Production and soil restoration effect of pioneer tree species in a region of allochthonous Norway spruce dieback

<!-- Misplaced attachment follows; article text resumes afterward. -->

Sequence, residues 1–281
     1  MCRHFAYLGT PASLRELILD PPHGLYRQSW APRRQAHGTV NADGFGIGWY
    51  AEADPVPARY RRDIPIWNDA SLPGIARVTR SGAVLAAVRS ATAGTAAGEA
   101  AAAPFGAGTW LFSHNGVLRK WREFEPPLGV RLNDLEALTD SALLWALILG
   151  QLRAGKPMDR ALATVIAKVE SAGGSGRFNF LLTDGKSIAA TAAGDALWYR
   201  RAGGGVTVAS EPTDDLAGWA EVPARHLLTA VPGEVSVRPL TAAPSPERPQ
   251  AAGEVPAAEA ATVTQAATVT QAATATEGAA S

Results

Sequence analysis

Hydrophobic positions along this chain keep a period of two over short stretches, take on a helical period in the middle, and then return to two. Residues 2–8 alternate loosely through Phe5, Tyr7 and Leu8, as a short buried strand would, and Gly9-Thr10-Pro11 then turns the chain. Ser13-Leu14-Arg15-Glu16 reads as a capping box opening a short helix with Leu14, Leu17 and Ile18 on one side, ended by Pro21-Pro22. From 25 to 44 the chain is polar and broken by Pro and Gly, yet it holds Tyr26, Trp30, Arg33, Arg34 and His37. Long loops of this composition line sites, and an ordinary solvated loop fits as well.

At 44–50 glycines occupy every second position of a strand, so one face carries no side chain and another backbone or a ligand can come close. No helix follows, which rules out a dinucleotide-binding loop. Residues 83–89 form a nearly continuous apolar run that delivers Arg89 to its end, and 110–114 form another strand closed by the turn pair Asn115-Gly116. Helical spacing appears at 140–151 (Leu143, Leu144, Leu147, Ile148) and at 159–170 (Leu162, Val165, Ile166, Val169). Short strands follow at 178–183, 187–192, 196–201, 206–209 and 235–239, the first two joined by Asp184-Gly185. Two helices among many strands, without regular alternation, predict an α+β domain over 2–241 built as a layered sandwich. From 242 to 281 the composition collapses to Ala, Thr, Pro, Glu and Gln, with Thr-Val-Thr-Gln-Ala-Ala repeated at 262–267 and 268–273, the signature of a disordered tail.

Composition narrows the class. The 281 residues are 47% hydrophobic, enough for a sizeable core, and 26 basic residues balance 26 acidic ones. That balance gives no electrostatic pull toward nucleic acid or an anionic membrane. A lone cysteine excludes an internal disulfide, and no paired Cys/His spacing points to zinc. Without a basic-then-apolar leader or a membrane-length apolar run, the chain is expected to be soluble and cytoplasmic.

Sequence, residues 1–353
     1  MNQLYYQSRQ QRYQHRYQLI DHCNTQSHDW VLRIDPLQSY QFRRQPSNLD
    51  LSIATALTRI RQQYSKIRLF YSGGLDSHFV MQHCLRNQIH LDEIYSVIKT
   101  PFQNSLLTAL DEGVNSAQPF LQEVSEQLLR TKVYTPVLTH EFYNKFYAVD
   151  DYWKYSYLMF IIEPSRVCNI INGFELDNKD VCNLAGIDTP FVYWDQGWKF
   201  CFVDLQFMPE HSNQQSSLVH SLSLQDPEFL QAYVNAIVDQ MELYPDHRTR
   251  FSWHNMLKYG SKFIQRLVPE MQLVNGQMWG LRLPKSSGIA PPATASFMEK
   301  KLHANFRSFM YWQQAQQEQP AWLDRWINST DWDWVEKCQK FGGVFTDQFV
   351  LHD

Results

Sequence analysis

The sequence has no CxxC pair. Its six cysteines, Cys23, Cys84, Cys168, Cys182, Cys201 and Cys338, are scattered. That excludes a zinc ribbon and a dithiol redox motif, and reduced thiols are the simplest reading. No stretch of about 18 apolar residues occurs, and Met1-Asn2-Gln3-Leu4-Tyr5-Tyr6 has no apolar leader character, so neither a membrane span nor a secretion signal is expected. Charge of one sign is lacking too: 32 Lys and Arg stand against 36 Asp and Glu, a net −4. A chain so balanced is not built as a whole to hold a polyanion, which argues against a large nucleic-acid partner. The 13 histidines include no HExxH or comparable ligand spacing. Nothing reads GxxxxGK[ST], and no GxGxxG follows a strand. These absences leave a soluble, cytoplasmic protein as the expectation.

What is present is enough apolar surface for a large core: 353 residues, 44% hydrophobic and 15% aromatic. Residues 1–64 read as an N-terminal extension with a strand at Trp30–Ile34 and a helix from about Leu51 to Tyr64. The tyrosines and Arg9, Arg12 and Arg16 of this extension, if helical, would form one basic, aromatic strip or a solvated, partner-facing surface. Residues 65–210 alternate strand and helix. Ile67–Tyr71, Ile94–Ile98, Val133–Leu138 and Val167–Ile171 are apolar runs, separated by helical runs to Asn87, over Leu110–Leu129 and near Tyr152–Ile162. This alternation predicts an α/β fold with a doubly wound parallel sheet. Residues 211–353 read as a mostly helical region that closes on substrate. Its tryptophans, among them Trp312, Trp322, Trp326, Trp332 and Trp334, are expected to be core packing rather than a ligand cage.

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The paper analyses the growth, structure, production and soil chemistry of different tree species stands 20 years after allochthonous spruce dieback. The experiment was carried out at lower altitudes (300 m a.s.l.) at rich sites of the Central Europe region. Norway spruce (Picea abies Linnaeus) and beech (Fagus sylvatica Linnaeus) stands established by artificial regeneration were compared with silver birch (Betula pendula Roth), aspen (Populus tremula Linnaeus) and birch-aspen stands, which were regenerated naturally. Spruce stands showed a decrease of site index (site index 3), compared with the previous generation (site index 2). This leads to an expected lower production at the age of 100 years, compared to mature beech stands, which showed a site index of 1. The highest production (tree overbark volume) was found out in the aspen stand - 294 m3.ha-1. The production (tree overbark volume) of other monoculture stands was comparable and reached 201-222 m3.ha-1. Most of the soil chemical characteristics under the compared stands (Ca and Mg content, Al content and active and potential soil reaction) were significantly better under aspen and decreased in the following trend: birch - beech - spruce.